French fossil fuel giant Total and Japanese trading house Marubeni Corp have inked a deal to develop Qatar's first utility-scale solar plant, an 800MW project planned 80 kilometres west of capital Doha.
The partners were awarded the contract under the Gulf nation’s maiden solar tender, launched last year as part of a broader effort by the gas-exporting nation to decarbonise its electricity grid and reduce the footprint of the 2022 FIFA World Cup.
The design, construction and operation of the Al Kharsaah solar plant is expected to cost US$500 million. Around 350MWp of energy capacity will be connected to the grid by the first quarter of 2021 and the remaining capacity will follow one year later, according to a Total press release.
Two million bifacial modules with trackers will be deployed across a 1,000-hectare site.
The project announcement marks a milestone for Qatar, the world’s largest liquefied natural gas producer and exporter. PV capacity in the country has stagnated at 5.1MW since 2016, according to the International Renewable Energy Agency.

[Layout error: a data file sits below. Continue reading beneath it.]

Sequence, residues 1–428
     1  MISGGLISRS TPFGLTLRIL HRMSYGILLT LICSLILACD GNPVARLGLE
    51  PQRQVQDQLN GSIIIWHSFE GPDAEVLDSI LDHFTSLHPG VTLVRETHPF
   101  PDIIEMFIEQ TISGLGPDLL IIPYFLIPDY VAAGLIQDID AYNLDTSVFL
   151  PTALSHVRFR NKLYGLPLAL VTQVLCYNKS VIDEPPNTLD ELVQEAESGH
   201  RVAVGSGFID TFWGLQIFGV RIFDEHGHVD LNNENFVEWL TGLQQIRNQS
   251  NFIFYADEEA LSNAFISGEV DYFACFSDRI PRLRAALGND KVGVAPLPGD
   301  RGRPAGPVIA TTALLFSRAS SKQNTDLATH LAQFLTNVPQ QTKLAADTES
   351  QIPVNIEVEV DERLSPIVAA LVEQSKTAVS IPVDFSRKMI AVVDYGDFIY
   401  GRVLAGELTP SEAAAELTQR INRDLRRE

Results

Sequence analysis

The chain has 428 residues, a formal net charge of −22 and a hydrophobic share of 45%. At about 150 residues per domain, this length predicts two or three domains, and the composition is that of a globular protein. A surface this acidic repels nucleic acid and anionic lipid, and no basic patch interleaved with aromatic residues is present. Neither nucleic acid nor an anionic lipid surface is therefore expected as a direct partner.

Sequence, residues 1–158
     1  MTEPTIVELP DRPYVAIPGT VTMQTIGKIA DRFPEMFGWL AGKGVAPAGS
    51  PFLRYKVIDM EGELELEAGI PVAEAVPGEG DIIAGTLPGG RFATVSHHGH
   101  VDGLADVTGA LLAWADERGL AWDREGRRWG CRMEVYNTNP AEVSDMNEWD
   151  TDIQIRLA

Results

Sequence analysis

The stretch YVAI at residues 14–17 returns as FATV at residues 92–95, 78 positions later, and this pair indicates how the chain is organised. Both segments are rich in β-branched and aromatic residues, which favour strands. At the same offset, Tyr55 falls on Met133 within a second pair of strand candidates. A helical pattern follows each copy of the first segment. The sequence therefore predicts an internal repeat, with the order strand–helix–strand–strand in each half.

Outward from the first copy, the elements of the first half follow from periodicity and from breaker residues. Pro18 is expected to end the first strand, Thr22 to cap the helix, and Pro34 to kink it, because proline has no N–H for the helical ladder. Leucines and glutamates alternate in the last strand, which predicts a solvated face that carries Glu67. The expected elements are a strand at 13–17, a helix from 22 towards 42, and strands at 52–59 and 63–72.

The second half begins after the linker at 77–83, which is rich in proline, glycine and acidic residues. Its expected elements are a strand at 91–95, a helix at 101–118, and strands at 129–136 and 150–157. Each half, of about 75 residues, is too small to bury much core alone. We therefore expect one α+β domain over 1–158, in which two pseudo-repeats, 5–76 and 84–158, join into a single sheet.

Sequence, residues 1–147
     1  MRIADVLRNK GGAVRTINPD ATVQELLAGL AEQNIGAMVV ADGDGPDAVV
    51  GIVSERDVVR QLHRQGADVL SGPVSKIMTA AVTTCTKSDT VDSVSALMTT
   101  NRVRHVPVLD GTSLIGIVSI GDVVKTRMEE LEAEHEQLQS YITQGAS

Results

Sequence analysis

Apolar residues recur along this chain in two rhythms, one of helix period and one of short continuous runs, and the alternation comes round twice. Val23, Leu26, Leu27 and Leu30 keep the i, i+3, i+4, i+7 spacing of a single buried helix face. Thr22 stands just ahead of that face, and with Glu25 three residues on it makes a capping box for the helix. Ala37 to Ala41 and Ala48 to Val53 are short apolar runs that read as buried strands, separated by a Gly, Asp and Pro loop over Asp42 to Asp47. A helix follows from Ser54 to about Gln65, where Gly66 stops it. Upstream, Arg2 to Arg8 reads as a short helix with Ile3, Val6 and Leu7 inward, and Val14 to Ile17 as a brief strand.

Once fully commissioned, the plant will cover 10% of Qatar’s peak electricity demand. It will sell power to utility Qatar General Electricity & Water Corporation, otherwise known as Kahramaa, for 25 years.
Total and Marubeni will take a joint 40% stake in the project, the 40% stake itself split between the former (49%) and the latter (51%). Siraj Energy, a joint venture between the state-run Qatar Petroleum and the Qatar Electricity & Water Company, will hold the remaining 60%.
Offtaker claims project tariff is ‘lowest in the world’
While details of the project's tariff were not revealed, Kahramaa president Essa bin Hilal Al-Kuwari said the firm had bagged a “competitive unit price for electricity produced from the solar PV power plant, which (sic) price is currently the lowest in the world for such a project.”
Saad Sherida Al-Kaabi, Qatar’s minister for energy affairs and president of Qatar Petroleum, said the project would significantly reduce the carbon footprint of the football World Cup, planned for late 2022.
The development, he said, is “part of the energy sector’s contributions towards Qatar’s commitment to host the FIFA 2022 World Cup. It will generate about eight times the size of the solar energy Qatar had pledged to build, helping the organization of a carbon-neutral event.”
The deal will also bring Total closer to its aim of developing a 25GW renewable energy portfolio by 2025.